PLEASANT HILL, Mo. — You know life isn’t going well when three police officers show up as you try to get your truck back from a repair job.
The ugly mess started about two months ago when Derek Dixon noticed on his way home from work that his 2006 diesel pickup was having problems.
A trusted mechanic told Dixon he had a split piston and would need his engine rebuilt by a diesel expert.
It was a serious blow to Dixon, a young business owner, who said he relied on the truck for hauling equipment for his lawn and yard service company.
No diesel repair shop could take the truck for more than a month. So Dixon said he felt lucky when he found Lunsford Auto Care on 7 Highway in Pleasant Hill. He said the shop promised to finish the job in two weeks for about $11,000.
“That was pulling the motor, taking it to the machine shop and putting it back in,” Dixon said.
The shop wanted $10,000 down — an unusual request since most repair shops don’t require a deposit because they have your vehicle as collateral.
Dixon paid the deposit but never received a statement showing what the repair would entail.
That turned out to be a serious mistake.
After more than a month passed and Dixon still didn’t have his truck back, he grew concerned.
“He kept coming with problems,” said Dixon, referring to the shop’s owner Derek Bartholomew. “He needs a new turbo. He needs new head studs in the motor. He said he didn’t realize what he was getting into.”
Dixon said he asked several times how much more he would owe, but weeks passed before he ever got an answer. When he did, it wasn’t good.
Instead of $11,000, Lunsford Auto Care wanted $16,000. Bartholomew insisted that Dixon had approved additional parts raising the price substantially. However, the truck still wasn’t drivable and has an oil leak.
“So he wants me to give him $6,000 for a total of $16,000 for a truck that he doesn’t think can be driven off the lot,” Dixon said.
Dixon said Bartholomew told him if he didn’t fork over the cash, Lunsford Auto Care would sell his truck.
That’s something Lunsford Auto Care denied, but it’s just another reason Dixon called FOX4 Problem Solvers.
We paid a visit to Lunsford Auto Care, which has no business sign and was given a C-rating by the Better Business Bureau. We met Bartholomew’s mother, who told us her son wasn’t there and wouldn’t return until late that night.
Ten minutes after we left, we got a call from Bartholomew, telling us he would talk to us as long as we didn’t record anything he said.
Bartholomew said he had paperwork proving every bit of work he’d done on Dixon’s truck and every part he’d purchased. But the documents he showed us didn’t have any customer’s name and weren’t dated. He wouldn’t allow us to make copies.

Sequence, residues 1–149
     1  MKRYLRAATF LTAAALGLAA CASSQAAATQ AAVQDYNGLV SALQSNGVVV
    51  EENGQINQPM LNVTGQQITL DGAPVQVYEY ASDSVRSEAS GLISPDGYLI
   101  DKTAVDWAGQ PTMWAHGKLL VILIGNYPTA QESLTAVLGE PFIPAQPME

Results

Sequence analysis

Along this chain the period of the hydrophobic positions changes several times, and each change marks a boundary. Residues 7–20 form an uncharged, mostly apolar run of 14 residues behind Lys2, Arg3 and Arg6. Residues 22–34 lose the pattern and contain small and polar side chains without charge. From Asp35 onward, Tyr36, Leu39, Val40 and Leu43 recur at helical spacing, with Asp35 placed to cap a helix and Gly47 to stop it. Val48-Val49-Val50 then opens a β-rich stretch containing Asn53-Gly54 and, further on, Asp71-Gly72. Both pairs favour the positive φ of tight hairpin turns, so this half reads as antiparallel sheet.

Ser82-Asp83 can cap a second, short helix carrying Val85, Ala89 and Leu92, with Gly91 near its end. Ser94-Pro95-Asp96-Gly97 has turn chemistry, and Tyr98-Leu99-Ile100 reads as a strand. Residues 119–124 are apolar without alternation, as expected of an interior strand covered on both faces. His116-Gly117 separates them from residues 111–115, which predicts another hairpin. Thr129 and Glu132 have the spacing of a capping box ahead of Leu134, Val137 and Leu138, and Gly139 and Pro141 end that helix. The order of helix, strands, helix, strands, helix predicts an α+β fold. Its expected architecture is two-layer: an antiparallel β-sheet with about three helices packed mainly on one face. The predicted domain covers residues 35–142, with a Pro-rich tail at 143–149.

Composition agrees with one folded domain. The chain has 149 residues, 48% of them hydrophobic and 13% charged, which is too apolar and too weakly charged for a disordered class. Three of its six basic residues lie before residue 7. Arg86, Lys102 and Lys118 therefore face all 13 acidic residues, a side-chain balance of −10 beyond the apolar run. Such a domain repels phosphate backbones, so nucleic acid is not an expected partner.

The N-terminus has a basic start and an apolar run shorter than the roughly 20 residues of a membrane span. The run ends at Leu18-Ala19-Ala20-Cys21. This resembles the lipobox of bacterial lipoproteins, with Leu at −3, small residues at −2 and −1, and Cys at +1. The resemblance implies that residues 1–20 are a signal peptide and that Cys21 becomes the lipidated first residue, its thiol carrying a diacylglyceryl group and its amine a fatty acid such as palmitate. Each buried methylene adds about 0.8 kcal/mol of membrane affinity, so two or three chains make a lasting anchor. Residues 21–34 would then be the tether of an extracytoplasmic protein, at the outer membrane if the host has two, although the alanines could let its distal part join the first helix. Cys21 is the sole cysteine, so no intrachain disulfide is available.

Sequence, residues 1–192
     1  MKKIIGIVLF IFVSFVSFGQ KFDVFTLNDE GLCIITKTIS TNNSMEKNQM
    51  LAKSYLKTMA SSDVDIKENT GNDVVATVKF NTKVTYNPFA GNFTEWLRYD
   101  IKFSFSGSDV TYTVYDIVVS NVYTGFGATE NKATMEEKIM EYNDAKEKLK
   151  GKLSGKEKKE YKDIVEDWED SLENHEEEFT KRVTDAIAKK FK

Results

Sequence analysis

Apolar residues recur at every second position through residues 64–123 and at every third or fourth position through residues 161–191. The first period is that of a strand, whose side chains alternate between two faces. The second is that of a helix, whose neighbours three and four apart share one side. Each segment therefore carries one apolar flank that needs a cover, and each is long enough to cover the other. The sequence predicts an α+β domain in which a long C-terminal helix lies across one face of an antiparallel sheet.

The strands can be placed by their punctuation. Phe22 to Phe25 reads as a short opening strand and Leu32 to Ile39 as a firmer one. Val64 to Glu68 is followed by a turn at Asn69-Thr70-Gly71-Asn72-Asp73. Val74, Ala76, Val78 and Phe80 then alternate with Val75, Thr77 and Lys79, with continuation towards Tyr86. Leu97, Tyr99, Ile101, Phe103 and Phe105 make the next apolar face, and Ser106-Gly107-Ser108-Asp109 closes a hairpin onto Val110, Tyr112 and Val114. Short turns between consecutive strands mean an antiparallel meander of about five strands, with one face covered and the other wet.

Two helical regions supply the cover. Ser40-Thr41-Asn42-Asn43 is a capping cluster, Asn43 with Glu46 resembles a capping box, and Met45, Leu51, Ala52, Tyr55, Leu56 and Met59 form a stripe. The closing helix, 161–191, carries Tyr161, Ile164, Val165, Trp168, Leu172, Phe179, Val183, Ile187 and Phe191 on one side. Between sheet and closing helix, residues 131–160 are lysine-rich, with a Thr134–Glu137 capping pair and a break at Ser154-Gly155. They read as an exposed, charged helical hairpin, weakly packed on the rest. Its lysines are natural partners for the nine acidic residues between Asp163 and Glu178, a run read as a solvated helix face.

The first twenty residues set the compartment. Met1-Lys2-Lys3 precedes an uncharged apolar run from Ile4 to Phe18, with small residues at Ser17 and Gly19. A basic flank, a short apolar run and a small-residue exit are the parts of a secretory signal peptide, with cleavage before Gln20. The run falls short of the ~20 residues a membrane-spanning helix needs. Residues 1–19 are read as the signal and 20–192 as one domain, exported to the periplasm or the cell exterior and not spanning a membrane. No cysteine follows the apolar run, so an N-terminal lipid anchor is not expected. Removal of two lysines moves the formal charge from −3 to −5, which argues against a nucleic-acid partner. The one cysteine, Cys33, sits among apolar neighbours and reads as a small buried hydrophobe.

He did, however, offer to lower the total price of his bill by $1,500 so that Dixon would stop complaining. Dixon refused the offer.
A few days later, we were back at Lunsford Auto Care with Dixon who was demanding he be given an itemized bill by Lunsford Auto Care. He planned to turn the bill over to Pleasant Hill police as part of a complaint he’d filed.
“Are you going to give me an itemized bill for my truck?” Dixon asked as FOX4’s camera rolled.
Instead, Lunsford Auto Care called Pleasant Hill police, who had been to the shop twice before trying to mediate this same dispute.
A lieutenant arrived and told the men he wanted this problem settled. He told Bartholomew to hand over an itemized receipt, which Bartholomew did.
Dixon claimed it included charges for items he’d either paid for himself — like $600 for an injector — or hadn’t approved, including a water pump and an air filter.
The lieutenant told Lunsford Auto Care to reduce the bill by $3,000, release the truck and settle any remaining dispute in court.
It looked like this problem was on its way to being solved.
But then the lieutenant left, another officer arrived and everything changed. The new officer told Dixon to pay the entire bill or leave the shop without his truck.
Reluctantly, Dixon paid.
So let’s add this up, including the money Dixon’s already paid, it cost Dixon $16,000 to get back a truck that still doesn’t run and has an oil leak.
Dixon brought the truck to a diesel mechanic who told him the engine had been installed incorrectly. He fixed the problem for $500, but it will cost Dixon another $1,000 to fix the oil leak.
So what can Derek Dixon do?
This is no easy problem to solve. Pleasant Hill police said they’re planning to refer the case to the county prosecutor for possible violations of Missouri’s Consumer Protection Act.
Bartholomew continues to insist he has done nothing wrong. He said he treated Dixon fairly, and it’s not his repair shop’s fault that Dixon’s truck has serious issues.
As you can probably guess, Dixon doesn’t agree.
But he said he learned an expensive lesson: Never pay for a repair job in advance and always get everything in writing.